Adorning the air with pine forests, salt, and waves,

Until he left again, as before.

But a model had been made from his frame, which became

Mysti, my wife, my home until hospice,

Not the first Jon or the second John but the last.

Prior to this, I hadn’t attempted poetry in years. And unlike wine, my craft has not aged well. It’s more like this morning’s coffee. In an earlier draft, the succubuses (I have heard “subbubi” is outdated) Rhyme and Rhythm seduced me. But for lack of mastery, I sacrificed English to please them. Only after some pointed, but appropriate, criticism, did I realize my mistake. I have since removed those lines, which seems to have helped.

Always a Child

I am a late bloomer, but not in terms of physical growth. I have stayed around the same size since twelve.

I am talking about character growth—maturity. From the precarious perspective of self-judgment, it appears that I have finally begun maturing.

What Was
I remained an anxious, lazy, socially awkward teen late into my twenties. The curious combination of 1) my confidence of being right and 2) my terror of being wrong characterized me, including my inability to share and receive ideas, to make new relationships and to restore broken ones, and to explore new things. I was reduced to condemning and to avoiding condemnation, the latter taking up most of my time and causing a great deal of anxiety.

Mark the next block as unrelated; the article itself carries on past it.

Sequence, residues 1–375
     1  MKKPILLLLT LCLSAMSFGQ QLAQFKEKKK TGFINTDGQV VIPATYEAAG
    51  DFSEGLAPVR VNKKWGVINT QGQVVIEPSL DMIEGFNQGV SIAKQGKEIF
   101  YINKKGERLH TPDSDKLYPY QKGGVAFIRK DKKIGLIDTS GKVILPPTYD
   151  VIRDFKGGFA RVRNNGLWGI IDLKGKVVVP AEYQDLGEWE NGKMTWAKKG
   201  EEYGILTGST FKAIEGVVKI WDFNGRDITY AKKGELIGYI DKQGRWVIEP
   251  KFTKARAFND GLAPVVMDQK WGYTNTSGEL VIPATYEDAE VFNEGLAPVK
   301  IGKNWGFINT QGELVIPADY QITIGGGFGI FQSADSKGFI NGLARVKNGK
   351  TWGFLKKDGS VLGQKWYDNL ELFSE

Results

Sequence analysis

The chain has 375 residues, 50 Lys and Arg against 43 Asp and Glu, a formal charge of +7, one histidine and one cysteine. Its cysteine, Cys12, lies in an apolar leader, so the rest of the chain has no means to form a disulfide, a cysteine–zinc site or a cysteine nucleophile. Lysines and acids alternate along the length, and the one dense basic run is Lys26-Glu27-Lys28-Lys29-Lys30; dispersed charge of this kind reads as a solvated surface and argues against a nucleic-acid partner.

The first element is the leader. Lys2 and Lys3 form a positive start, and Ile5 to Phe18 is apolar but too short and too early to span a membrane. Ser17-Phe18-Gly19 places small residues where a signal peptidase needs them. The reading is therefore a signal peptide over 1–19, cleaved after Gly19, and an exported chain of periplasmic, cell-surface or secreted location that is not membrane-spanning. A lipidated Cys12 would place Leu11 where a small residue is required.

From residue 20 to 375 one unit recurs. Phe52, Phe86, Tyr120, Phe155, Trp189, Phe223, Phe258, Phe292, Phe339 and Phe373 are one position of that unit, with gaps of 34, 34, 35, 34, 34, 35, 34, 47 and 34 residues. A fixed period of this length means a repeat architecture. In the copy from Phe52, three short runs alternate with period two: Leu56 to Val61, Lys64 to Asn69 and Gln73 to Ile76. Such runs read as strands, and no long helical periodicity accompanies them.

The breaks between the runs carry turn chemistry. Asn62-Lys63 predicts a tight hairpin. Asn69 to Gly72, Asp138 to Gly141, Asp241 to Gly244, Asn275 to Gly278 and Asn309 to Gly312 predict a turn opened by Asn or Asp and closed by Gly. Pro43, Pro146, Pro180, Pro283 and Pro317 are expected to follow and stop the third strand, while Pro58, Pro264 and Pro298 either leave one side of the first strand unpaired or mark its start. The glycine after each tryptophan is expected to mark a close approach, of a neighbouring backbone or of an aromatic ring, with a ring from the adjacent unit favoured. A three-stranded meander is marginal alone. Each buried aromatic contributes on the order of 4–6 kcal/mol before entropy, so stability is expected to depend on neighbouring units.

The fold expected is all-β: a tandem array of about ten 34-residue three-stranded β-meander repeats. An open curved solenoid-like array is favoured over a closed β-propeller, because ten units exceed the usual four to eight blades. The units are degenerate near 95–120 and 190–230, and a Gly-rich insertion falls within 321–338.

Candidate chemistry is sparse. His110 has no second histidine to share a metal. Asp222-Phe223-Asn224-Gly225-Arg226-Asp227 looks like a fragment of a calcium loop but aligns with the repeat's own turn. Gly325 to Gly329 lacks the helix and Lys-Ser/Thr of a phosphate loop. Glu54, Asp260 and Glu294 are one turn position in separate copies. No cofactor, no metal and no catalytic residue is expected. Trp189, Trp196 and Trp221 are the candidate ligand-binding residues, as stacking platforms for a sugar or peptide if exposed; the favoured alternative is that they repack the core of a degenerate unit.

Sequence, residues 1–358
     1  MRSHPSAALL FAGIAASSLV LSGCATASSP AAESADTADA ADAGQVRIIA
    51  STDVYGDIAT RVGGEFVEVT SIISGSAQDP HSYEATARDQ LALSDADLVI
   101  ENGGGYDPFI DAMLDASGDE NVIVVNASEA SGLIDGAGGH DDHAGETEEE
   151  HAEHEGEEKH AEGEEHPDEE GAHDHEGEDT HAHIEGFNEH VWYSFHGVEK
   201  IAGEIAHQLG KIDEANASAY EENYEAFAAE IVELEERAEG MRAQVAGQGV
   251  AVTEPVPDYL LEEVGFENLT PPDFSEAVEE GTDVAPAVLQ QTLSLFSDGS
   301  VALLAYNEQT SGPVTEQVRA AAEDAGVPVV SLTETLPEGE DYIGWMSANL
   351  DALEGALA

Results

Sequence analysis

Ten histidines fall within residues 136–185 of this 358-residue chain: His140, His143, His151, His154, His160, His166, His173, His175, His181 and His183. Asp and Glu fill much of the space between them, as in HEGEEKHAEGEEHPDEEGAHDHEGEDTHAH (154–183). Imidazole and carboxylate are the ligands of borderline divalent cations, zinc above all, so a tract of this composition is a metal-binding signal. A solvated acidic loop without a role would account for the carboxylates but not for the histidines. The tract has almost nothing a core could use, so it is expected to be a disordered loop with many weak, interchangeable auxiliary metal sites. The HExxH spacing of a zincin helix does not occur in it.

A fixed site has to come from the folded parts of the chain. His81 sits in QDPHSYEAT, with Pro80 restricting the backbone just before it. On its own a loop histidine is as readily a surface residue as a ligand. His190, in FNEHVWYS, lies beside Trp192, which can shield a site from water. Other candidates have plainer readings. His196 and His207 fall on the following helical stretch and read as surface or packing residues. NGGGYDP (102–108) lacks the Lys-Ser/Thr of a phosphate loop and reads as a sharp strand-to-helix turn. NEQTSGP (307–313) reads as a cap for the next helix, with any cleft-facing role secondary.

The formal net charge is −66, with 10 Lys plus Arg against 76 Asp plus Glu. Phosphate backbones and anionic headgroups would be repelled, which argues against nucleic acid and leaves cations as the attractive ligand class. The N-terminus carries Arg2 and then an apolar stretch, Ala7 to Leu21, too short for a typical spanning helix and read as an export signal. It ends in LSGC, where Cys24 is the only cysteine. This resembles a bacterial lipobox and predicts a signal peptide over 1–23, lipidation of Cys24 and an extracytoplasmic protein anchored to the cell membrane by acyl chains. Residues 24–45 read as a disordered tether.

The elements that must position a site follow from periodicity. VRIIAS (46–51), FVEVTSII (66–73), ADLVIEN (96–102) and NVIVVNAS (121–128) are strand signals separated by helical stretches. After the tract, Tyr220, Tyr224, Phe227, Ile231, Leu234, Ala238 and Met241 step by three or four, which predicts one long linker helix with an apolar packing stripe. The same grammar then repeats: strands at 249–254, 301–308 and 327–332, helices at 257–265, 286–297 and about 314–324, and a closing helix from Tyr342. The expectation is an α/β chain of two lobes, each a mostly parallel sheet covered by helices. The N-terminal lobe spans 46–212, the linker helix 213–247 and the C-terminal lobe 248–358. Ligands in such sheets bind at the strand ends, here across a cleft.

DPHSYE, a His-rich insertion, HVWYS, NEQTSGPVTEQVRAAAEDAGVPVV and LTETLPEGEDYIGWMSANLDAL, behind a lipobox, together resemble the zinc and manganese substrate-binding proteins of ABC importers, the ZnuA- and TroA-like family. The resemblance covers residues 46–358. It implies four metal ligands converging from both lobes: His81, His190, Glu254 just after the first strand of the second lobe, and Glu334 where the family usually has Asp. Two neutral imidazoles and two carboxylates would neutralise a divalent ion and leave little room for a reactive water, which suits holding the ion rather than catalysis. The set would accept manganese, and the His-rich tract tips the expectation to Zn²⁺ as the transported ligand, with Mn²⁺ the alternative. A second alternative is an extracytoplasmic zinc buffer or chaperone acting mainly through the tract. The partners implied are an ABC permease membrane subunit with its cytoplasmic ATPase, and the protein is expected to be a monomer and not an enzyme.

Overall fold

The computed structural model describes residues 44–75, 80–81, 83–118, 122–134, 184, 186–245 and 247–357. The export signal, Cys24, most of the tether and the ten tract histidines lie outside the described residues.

The warden most responsible for this was my southern-conservative, moralistic legalism. I felt constrained to meet the highest possible standard of maturity, and failure to meet this standard held some amorphous doom. This compulsion imprisoned me, driving me to manufacture character growth.

Child (Type 1) to Child (Type 2)
The more we learn, the more we realize we don’t know. The harder we pursue the boundary of possible knowledge, the farther away it appears, and simultaneously we are made aware of gaps in what we think we know. Thus, true masters in their fields are often the first to admit ignorance. This idea has been attributed to persons like Socrates, Plato, and Einstein, and I have found it to be true as I have studied at DTS. Five years ago, prior to the heaps of work my seminary studies have required, I felt much more confident in my mastery of theology and my ability to exegete. The opposite must be true as well—the less we learn, the more we feel like we know.

Building upon this, a correlation with maturity seems appropriate. An immature person thinks he is mature, whereas a more mature person realizes his immaturity and how unreachable perfect maturity is.

So we remain children either way. Either we fail to grow, ignorantly parading our immaturity as if it were maturity, or we grow, continually recognizing what appears to be an increasing gap, or disparity, between our maturity and perfect maturity.